To get acquainted with the problems at hand, let’s take a glimpse at what we’re principally talking about: human memory. Of the eight types of human memory, we are mainly concerned here with short-term memory, also known as working memory (WM). WM gets a workout during task performance, only lasting a half-minute, but is continuously renewed. All other memory types represent a breakdown of long-term memory based on whether they are held in consciousness or unconsciousness. It’s helpful to think of different memory types as having discrete residences in the brain. Each type relies on its own neural pathways to shuttle abstract concepts, emotional experiences, episodic events, facts, procedures, and skills between regions of the brain. From this perspective, it’s also helpful to think of “memory systems.” The two systems that figure here, habit memory and prospective memory, represent two significant gateways through which human error can occur.

The habit memory systemresiding mainly in the brain’s basal ganglia—refers to procedural and skill learning that, through repetition, can be performed without conscious intent: walking up/down stairs, starting the car, swimming, taking someone’s temperature, driving to/from work, etc. Any repetitive action, task, or skill is a prime candidate for conversion into a habituated or automated routine; this is what we mean when we refer to actions being performed on “autopilot.” A large portion of human behavior and skill sets are prime targets for habit memory.

Habit memory in healthcare affords caregivers great mental efficiency in performance of routine tasks because it avoids a huge drain on the WM load, or information capacity. It therefore poses great savings for getting through one’s harried workday. But of course there’s a rub: Distractions and interruptions (D&I) during any routine task break the habit memory “trance.” Additionally, the brain’s amygdala—which processes emotions—can exert a similar effect under conditions of high stress. In both instances, D&Is and stress, habit memory gets immediately sidelined by prospective memory. And for good reason.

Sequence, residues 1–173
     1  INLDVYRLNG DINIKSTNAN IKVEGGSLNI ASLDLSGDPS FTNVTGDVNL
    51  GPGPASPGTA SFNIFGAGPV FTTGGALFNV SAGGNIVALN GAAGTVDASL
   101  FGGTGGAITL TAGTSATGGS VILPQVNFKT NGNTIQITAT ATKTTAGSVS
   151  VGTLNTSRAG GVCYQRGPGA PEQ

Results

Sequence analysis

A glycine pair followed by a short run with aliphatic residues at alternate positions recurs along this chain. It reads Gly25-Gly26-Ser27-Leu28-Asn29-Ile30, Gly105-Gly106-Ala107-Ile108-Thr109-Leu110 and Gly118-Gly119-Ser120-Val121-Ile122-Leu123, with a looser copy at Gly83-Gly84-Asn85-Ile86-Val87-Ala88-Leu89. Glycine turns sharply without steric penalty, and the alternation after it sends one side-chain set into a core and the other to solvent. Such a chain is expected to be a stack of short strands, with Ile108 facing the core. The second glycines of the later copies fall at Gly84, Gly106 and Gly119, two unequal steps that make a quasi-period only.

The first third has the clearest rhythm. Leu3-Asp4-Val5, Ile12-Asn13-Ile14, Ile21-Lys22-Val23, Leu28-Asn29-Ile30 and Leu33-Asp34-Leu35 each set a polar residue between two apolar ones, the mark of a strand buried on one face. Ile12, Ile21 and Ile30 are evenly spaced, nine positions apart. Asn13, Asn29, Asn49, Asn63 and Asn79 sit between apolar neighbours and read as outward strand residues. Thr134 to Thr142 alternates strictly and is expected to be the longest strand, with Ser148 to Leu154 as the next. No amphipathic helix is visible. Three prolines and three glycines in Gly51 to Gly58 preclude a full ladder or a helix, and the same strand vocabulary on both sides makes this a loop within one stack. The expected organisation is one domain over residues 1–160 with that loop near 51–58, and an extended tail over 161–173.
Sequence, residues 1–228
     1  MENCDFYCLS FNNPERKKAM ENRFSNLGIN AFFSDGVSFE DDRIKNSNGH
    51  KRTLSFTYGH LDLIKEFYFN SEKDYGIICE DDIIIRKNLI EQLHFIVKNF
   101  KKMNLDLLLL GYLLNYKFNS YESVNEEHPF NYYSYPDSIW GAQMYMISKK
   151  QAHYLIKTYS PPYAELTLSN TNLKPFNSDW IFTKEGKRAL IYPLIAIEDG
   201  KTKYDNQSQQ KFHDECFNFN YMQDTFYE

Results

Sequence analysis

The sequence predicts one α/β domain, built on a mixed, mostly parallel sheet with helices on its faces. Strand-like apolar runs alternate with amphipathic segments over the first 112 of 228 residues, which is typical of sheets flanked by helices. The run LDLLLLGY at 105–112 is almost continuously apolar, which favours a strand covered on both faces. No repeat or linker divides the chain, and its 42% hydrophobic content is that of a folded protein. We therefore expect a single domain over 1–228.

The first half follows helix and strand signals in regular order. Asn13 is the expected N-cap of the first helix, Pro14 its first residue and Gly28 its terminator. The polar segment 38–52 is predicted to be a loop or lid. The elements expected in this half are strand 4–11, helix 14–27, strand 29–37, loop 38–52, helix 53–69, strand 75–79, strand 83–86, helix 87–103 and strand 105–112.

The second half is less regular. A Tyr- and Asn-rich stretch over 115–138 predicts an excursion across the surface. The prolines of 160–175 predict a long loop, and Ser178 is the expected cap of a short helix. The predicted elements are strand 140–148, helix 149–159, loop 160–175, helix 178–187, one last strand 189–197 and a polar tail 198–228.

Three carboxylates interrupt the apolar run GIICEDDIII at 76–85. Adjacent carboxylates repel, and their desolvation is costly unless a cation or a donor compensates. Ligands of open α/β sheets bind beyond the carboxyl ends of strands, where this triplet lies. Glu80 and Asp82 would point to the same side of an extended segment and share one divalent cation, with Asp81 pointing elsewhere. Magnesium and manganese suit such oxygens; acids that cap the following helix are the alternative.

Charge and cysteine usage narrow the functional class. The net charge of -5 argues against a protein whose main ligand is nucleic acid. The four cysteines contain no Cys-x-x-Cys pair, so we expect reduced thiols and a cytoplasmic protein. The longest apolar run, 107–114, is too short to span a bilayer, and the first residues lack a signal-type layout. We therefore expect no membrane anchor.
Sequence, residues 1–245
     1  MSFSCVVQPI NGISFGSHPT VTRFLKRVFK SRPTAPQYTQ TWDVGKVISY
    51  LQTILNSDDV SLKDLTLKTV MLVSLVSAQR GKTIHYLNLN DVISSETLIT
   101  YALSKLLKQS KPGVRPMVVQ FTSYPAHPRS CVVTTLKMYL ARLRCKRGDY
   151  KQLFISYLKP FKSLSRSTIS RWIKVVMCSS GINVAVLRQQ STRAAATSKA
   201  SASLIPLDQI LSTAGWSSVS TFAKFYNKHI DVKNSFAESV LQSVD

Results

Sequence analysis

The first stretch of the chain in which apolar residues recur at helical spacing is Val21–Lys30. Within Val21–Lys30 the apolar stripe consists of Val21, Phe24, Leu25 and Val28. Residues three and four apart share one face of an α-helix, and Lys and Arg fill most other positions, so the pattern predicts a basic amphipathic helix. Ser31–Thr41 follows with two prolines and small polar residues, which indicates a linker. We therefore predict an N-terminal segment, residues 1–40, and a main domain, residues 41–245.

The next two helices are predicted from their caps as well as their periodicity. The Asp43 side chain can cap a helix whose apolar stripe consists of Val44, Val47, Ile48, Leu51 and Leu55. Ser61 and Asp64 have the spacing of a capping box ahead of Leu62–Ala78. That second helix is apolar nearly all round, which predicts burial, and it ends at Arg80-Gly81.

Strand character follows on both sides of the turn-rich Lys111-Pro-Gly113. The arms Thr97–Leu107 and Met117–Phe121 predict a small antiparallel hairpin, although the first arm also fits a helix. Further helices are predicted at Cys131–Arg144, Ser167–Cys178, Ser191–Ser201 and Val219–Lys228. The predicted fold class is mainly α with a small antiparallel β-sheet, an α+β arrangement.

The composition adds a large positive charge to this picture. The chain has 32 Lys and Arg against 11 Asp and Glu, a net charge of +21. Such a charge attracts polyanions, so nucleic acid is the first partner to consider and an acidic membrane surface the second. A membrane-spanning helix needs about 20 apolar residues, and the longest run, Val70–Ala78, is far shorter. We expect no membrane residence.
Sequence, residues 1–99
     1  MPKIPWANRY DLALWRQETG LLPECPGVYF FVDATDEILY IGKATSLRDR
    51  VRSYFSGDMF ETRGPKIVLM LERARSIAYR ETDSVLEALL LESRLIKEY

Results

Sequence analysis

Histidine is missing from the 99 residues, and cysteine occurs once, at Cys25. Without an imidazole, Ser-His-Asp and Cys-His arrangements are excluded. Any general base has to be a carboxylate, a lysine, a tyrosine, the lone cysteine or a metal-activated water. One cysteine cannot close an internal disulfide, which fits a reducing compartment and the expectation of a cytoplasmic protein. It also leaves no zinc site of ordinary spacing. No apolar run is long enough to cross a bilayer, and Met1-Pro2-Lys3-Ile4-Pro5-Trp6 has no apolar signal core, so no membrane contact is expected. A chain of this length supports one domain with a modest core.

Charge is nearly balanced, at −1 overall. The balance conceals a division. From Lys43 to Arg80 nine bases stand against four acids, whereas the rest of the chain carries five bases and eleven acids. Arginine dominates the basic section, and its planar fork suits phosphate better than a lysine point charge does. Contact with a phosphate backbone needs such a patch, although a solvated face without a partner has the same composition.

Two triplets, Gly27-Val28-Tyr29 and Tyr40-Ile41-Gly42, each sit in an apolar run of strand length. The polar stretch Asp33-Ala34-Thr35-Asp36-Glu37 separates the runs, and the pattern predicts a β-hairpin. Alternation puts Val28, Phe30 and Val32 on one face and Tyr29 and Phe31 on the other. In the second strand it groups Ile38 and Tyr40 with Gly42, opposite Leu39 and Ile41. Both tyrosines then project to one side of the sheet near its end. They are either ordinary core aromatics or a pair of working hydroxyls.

Prospective memory—residing mainly in the prefrontal cortex (PFC) and hippocampus—is an ability to recall and execute some intention at an appropriate time or circumstance. The brain’s PFC is known as our “executive function.” Located just behind the forehead, it is our personal command center from which we consciously attend to matters and stay on task; shift attention at will; form intentions and make plans; retain immediate details of interest on our WM’s “sketchpad”; inhibit undesirable impulses; think abstractly; and retrieve long-term memories from the hippocampus.